This is the last week of classes for the term. The final reading from Symmetry, Shape, and Space is Sections 7.1 and 7.2, excluding the part about Volume Formulae on pages 212 to 214. We will work on this material in class on Monday and Wednesday, and it will be included on the final exam, but there is no homework assignment on this material.
The final homework, a short assignment on mathematical infinity, is due in class on Wednesday.
For Friday's class, you should read and be prepared to discuss the last two chapters in The Math Instinct, Chapters 12 and 13, pages 239 to 264.
The final exam is at 8:30 AM on Thursday, December 18. The final project is also due at that time, but you can certainly turn it in earlier if you want. If you want to get your project back, you should do so during the first few weeks of the Winter semester; after that, I will throw them out.
For class on Monday, December 8, you will work in groups to build several regular polyhedra. You should break into groups of three. Each group of three will build a model of each of the five regular polyhedra and will attempt to build each of the five irregular convex deltahedra. (The deltahedra are defined on pages 222 and 223.) Each group will produce just one model of each of these. We'll collect them at the front of the room and see how much you can get done. As you make the models, you should fill out the table on the back of this sheet
For the dodecahedron, each group should get from me a printout of a dodecahedral net. Cut out the net (in one piece), then fold it and tape it together to make a dodecahedron. (To keep it neat, try putting the tape on the inside.)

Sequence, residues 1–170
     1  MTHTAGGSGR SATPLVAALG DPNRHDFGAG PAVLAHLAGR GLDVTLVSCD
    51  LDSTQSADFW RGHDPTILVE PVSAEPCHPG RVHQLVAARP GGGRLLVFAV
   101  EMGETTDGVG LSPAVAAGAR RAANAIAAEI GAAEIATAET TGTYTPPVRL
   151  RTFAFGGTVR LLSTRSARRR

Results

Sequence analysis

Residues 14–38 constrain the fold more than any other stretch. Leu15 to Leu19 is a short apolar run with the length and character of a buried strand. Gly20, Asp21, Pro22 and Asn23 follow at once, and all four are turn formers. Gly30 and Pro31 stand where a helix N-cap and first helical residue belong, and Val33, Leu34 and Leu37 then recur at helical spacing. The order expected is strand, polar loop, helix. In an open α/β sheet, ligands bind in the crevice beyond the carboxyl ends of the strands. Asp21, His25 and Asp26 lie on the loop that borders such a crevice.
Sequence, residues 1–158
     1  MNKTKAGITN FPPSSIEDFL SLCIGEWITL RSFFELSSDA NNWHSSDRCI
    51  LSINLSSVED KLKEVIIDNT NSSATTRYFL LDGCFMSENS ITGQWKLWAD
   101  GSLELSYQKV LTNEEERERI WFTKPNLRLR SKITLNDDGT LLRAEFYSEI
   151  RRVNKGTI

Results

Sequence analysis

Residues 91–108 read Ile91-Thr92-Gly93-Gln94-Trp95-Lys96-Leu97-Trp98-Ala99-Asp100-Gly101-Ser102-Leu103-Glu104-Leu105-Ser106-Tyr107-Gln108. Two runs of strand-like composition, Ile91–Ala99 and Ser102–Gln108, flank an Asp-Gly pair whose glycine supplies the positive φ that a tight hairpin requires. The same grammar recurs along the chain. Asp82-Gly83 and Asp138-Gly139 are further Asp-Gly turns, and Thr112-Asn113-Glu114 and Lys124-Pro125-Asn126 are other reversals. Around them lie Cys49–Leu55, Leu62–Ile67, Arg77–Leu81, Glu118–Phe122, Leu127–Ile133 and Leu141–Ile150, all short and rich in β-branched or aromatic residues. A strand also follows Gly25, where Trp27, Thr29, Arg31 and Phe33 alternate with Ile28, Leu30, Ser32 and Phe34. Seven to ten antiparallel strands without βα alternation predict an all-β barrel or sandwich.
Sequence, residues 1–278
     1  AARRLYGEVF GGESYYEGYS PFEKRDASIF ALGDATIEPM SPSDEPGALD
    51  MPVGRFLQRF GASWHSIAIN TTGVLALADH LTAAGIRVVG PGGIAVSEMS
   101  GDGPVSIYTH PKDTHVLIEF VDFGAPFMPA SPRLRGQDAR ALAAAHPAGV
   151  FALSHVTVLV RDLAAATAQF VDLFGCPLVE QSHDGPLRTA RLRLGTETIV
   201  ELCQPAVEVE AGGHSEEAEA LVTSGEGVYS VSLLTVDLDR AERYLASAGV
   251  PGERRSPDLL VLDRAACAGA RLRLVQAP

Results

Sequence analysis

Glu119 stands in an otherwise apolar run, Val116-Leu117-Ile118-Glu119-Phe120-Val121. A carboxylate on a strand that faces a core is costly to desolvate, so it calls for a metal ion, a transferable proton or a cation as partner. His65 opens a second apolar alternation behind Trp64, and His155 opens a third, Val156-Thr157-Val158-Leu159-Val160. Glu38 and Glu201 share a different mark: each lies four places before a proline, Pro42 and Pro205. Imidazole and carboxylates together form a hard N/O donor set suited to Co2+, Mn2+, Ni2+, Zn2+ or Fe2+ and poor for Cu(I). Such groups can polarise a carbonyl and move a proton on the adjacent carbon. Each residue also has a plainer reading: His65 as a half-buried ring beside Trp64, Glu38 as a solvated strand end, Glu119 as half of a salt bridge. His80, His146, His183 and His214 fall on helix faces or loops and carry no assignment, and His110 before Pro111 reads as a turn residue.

For the tetrahedron, octahedron, and icosahedron, you should use printouts of a triangular tiling. For each polyhedron, cut a net out of the tiling -- all in one piece if possible -- then fold and tape the net to form the polyhedron. A tetrahedron is made from four triangles, an octahedron from eight, and an icosahedron from twenty. A net for the tetrahedron is easy. An octahedron is also easy if you remember that it looks like two square pyramids connected by their bases. A square pyramid could be made from four triangles connected like wedges of a pie. An icosahedron is harder: it consists of two pentagonal pyramids with their bases connected by a strip of ten triangles.
For the cube, you are on your own. It should be easy to draw a net for the cube, cut it out, and assemble it
As defined in the book, a deltahedron is a polyhedron whose sides are all equilateral triangles of the same size. The regular deltahedra are the tetrahedron, the octahedron, and the icosahedron. But there five additional convex deltahedra, with 6, 10, 12, 14, and 16 sides. Try to find them and build models. As a hint, you'll find that several of them contain triangular, square, or pentagonal pyramids as components. Some of these are pretty easy to find; the twelve-sided convex deltahedron is the most difficult to discover. (Some of the descriptions in Section 7.2, Exercise 26, might be helpful.)
Polyhedron | Number of vertices (v) |
Number of edges (e) |
Number of faces (f) |
Euler Characteristic (χ = v - e + f) |
---|---|---|---|---|
tetrahedron | ||||
cube | ||||
octahedron | ||||
dodecahedron | ||||
icosahedron | ||||
6-sided deltahedron | ||||
10-sided deltahedron | ||||
12-sided deltahedron | ||||
14-sided deltahedron | ||||
16-sided deltahedron |